Off Contract: Cutting the Cord

Without any context the term “cord cutting” is a bit gross but in reality it’s a beautifully difficult idealist term. The cord being cut is the cable cord – cancelling cable or satellite at your home. Being a cord cutter is filled with struggle and triumph. Cord cutting, in my mind, is about ridding ourselves of the big cable providers and their hefty fees, as much as possible – not simply about watching TV.

Some of you may not know this but the major television networks broadcast their shows over the air (OTA) for free. ABC, NBC, CBS, FOX, TBS, and a few others do this today. All that’s needed is a device with an antenna/TV tuner to pick up the signal. A good example of how OTA works is the old TV show where the drunk dad is fiddling with the antenna on his TV because he’s not getting signal any more. That antenna is pulling the TV show down and he’s watching for free. We’ve since started broadcasting these shows in HD so free TV is in even better quality.

The internet plays a crucial part in the success of cutting the cord (only furthering the evidence that the internet is a utility). Often there’s only one cable/internet provider in your home/apartment so you would still have to put up with big bad Comcast. At least now they’re not taking all of your money. Here’s a simplified step-by-step from Cord Cutter Guide for cutting the cord.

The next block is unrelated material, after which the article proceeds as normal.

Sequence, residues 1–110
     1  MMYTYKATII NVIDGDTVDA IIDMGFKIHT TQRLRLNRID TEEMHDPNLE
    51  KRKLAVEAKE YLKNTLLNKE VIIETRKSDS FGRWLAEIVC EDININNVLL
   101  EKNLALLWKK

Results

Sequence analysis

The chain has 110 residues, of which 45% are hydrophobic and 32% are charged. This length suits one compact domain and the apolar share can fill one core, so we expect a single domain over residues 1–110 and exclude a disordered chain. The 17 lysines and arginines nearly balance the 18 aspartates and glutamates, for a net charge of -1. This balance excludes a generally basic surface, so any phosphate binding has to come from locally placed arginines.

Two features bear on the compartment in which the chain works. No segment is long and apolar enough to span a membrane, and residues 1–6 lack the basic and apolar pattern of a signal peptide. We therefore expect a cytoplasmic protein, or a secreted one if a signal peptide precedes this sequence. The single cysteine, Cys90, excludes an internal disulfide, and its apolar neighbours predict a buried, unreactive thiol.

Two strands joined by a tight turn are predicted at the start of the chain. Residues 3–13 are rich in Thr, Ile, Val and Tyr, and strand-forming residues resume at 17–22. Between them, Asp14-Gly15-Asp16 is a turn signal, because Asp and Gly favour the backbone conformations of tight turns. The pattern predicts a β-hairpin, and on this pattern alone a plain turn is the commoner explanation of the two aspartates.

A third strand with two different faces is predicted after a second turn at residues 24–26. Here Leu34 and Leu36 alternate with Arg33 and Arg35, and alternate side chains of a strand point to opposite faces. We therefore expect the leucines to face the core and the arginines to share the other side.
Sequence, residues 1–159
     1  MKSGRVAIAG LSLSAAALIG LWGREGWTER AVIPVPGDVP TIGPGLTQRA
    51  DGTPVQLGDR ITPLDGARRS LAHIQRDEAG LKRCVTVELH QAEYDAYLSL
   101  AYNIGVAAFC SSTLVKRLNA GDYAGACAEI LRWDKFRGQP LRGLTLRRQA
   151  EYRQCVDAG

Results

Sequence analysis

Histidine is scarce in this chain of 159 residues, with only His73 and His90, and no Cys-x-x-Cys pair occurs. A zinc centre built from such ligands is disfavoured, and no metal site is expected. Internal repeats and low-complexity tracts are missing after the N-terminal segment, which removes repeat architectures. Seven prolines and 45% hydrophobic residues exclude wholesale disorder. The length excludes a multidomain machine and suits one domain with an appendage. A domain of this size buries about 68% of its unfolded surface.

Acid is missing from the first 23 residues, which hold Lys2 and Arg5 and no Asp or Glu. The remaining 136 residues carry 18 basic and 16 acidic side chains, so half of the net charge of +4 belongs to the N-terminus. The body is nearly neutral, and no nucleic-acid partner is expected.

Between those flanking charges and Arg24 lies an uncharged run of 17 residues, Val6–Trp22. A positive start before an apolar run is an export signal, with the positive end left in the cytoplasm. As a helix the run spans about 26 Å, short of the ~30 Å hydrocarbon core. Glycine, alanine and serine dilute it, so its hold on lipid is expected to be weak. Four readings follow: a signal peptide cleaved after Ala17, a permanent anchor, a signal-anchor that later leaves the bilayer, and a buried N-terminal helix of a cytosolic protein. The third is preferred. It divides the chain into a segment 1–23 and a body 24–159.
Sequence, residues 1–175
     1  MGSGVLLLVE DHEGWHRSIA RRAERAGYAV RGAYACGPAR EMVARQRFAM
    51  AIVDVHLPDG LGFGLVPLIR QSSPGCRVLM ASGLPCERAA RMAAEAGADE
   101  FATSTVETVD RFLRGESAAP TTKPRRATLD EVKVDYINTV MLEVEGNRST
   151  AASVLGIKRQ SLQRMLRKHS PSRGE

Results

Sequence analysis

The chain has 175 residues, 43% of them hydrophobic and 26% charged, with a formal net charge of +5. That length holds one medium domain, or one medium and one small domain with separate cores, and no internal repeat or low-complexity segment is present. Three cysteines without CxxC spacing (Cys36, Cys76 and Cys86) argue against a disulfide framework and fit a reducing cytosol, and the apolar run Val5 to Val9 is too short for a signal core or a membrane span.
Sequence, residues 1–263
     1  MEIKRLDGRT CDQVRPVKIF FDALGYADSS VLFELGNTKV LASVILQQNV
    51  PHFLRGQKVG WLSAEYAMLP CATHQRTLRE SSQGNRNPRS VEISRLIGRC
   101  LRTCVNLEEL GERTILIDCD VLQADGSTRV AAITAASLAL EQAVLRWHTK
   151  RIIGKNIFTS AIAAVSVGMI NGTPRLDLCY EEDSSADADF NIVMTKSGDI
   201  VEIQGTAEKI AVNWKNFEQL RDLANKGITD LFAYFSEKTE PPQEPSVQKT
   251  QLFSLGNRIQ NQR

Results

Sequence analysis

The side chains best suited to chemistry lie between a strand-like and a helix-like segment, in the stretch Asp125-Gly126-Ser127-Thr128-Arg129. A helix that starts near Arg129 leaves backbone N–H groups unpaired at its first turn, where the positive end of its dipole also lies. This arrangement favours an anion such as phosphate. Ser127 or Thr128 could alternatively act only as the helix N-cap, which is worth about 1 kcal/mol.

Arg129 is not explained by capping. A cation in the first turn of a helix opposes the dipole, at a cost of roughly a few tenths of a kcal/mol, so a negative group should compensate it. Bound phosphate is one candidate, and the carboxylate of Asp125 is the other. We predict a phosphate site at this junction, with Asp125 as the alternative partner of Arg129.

With a combination of digital content providers and OTA TV there are very few shows you’ll miss out on. If you don’t mind avoiding spoilers, most shows come out on Netflix and Hulu relatively soon after airing. Even the big players that don’t broadcast OTA like MTV allow you to stream content from their sites.  You’ll never miss an episode of Catfish again.

A company called Aereo tried their best to capitalize on the free OTA content that TV tuner and antennas can pick up. They setup a large network of antennas (one per subscriber) and allowed people to stream live TV from any device. Subscribers were even able to record shows for later while watching another. Granted the only shows available were those OTA shows but if you lilke NBC’s The Voice or Blacklist then you’re in good hands. PC Mag does a much better job explaining how Aereo’s business model works. Aereo faced a lot of backlash from these large networks and a big lawsuit. Their case was brought in front of the supreme court for “rebroadcasting” content illegally. They ultimately lost and put an away message on their website.

I do see cord cutting as the “way of the future”. Many Americans have already started taking the necessary steps whether they realize it or not. Streaming TV from bed or binge watching Netflix on the weekend are slowly making this an acceptable lifestyle. What’s next? We can only speculate. Our goal should be to break free from the hold these Goliaths have on us.

In my next post I’ll explain my experiences and struggles with cutting the cord.

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